2. A mock restaurant certificates for the couple to come to your house for shabbos meals. - maybe with an explanation

3. Something like #1 that's not necessarily mitzvah based. But a new glass bowl (amazing savings? $3?) filled with fruit - "Yankel picked these apples for you to enjoy in your first days as a married couple"

4. Something like a unique find - something from a trip that you are willing to part with even if it was from a street vendor?

I don't like this idea that people need to buy their seats at a simcha. If you're inviting them to sort of break-even, you need to reconsider your priorities. I just got my first wedding gift (EARLY!). Since it was off a registry I was forced to create, I know what it cost. It costs about 1/8 of what it will cost us to have this friend and his wife attend the wedding. It is also very generous, very unexpected, and I am grateful for it. He didn't have to buy anything.

I disagree that if you can't bring an expensive gift you can only come for the dancing. If you go with the sentimental route, it gets the point across "this is all we could afford". If the couple thinks that you then should have declined, shame on them and no skin off your back. Seriously. Invitations are not invitations to exchange an expensive gift for mediocre catered food. They should be happy you cared enough to take the time to celebrate with them.

#11 FYI

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Posted 25 October 2010 - 03:07 PM

But would you be okay with a guest that can't afford anything not saying or doing anything and just coming.
Many people wish they could change their life, when all they really need to do is change their attitude towards life. - Sharon

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Posted 25 October 2010 - 03:10 PM

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#13 Razie

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Posted 25 October 2010 - 03:17 PM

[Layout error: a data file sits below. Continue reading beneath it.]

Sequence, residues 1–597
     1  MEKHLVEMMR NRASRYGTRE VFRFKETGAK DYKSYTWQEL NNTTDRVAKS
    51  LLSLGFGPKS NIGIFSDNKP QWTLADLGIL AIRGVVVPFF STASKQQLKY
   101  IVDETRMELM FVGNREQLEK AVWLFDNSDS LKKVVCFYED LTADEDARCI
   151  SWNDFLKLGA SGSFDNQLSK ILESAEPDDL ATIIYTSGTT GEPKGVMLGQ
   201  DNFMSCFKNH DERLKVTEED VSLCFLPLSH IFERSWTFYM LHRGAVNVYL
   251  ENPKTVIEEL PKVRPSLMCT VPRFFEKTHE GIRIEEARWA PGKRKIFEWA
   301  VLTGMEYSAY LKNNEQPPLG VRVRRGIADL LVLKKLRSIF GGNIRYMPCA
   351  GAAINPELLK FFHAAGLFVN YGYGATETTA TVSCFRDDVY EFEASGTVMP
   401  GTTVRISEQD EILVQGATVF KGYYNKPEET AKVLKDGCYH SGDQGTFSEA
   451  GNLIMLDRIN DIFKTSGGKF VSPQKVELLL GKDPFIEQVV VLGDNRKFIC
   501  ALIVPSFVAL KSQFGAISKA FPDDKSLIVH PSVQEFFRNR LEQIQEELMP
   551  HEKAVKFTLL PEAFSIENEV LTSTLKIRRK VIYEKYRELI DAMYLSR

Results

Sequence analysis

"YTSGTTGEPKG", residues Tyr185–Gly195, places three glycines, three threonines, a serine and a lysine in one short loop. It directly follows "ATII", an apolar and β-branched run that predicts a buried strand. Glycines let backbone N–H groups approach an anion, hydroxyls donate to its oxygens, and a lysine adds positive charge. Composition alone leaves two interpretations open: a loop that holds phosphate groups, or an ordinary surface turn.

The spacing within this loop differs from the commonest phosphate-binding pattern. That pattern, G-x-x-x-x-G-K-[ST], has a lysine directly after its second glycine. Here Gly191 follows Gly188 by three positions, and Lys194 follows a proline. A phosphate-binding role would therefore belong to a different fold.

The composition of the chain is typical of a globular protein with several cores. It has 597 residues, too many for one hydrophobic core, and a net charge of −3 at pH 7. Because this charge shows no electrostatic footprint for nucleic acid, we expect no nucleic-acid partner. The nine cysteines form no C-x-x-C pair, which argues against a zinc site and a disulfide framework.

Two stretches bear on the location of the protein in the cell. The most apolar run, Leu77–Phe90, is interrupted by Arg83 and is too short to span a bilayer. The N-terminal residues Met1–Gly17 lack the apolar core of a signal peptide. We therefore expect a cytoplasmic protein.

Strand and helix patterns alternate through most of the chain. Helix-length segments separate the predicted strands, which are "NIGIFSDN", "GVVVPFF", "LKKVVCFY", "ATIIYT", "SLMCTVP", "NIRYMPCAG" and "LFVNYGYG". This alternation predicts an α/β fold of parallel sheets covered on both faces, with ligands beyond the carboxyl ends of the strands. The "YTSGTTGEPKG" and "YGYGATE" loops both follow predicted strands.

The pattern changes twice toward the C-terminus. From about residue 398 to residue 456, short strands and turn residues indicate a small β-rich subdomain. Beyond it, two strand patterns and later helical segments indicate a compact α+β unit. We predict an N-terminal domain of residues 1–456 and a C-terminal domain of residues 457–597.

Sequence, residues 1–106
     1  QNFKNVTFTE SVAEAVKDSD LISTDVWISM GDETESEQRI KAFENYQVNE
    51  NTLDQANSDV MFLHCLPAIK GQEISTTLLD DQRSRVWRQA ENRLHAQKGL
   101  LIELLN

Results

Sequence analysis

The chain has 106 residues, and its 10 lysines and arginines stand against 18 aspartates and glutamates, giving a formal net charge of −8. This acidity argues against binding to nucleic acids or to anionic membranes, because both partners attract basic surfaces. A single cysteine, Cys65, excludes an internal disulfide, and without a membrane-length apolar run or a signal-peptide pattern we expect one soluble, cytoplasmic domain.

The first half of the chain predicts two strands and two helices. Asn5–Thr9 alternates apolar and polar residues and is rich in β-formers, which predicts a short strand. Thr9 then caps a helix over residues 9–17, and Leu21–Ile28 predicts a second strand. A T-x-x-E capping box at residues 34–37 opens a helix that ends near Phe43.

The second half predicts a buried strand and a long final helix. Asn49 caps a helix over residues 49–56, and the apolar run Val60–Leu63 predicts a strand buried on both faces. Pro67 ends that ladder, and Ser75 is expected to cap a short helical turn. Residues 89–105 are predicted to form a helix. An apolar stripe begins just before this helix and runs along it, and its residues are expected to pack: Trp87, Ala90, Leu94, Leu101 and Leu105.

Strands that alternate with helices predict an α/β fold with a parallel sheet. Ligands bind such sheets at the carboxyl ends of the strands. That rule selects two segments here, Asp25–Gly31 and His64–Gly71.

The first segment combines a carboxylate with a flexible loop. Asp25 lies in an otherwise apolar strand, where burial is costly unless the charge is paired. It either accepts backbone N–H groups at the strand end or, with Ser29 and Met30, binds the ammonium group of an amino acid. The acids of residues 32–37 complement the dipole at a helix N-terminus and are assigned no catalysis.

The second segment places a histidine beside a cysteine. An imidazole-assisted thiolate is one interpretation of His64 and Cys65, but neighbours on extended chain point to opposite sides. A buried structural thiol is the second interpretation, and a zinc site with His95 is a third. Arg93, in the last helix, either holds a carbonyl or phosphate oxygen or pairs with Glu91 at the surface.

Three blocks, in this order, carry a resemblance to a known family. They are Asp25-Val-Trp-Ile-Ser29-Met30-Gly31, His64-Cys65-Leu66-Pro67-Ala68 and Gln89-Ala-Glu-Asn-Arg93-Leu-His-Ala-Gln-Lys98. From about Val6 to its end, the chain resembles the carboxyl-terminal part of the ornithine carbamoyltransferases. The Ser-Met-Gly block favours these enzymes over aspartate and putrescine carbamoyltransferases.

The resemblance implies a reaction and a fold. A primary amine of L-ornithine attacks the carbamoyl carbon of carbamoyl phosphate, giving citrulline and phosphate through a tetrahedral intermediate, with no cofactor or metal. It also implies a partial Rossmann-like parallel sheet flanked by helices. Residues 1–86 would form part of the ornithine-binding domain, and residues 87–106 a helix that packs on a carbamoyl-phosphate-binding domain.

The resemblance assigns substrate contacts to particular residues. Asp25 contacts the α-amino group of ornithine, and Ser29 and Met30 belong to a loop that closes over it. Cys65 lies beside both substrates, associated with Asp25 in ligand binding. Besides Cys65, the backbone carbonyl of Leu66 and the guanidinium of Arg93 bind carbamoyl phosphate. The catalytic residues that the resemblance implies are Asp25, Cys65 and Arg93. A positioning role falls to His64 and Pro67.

But would you be okay with a guest that can't afford anything not saying or doing anything and just coming.


I would think it mildly tacky if the guest didn't at least write a card wishing the best in something that seemed sincere and not boilerplate. If they're coming because it's free food, they shouldn't come (whether they bring a gift or not). So if they're coming, I expect some kind of personal well wishes - it's a simcha, after all.

But absolutely be okay with a guest that can't afford anything not saying anything about the financial lack of ability to buy anything and just show up. If when you say "or doing anything" to mean not even writing a well-wishing mazal tov note (sorry, if you can afford to get to the wedding, you can afford a white envelope, a piece of stationary paper, and a pen), then it's not ok. Sincere well wishes are what, I feel, are obligations of attending a simcha. Coming for any other reason - don't come at all. If anyone who comes to my wedding does not wish the best for me, I don't want them there. And if they do wish the best for me, a note saying so validates it. In fact, personal stationary or colored paper and handwritten with 3-4 original sentences is so much nicer than a $4 hallmark card with a "Dear Razie" and a "From the Goldsteins". And that handwritten note shouldn't cost more than 25 cents if it's just plain paper and a from-a-bulk-box envelope. Something like that.

That's it. I'm ok with no advanced warning of no gift - absolutely.

#14 int

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Posted 25 October 2010 - 03:18 PM

The reality is that with the insanely high cost of today's weddings, you DO need people's gifts to break even. And a newly starting out couple especially needs the money.

Etiquette or not, that's a fact of life.

#15 Kalashnikover_Rebbe

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Posted 25 October 2010 - 03:18 PM

The worst is when you're in a bind because the baalei hasimcha PERSONALLY request your presence, so you KNOW they want you there, but you really can't afford a gift. Especially when they are not close friends and you might not have gone had they not insisted you be there.

In that case I usually just bit the bullet and come and hope they "forget" about me. But in Israel there are usually no RSVPs or assigned seating anyway so it is less formal and there is no "official record" of who came and for how long...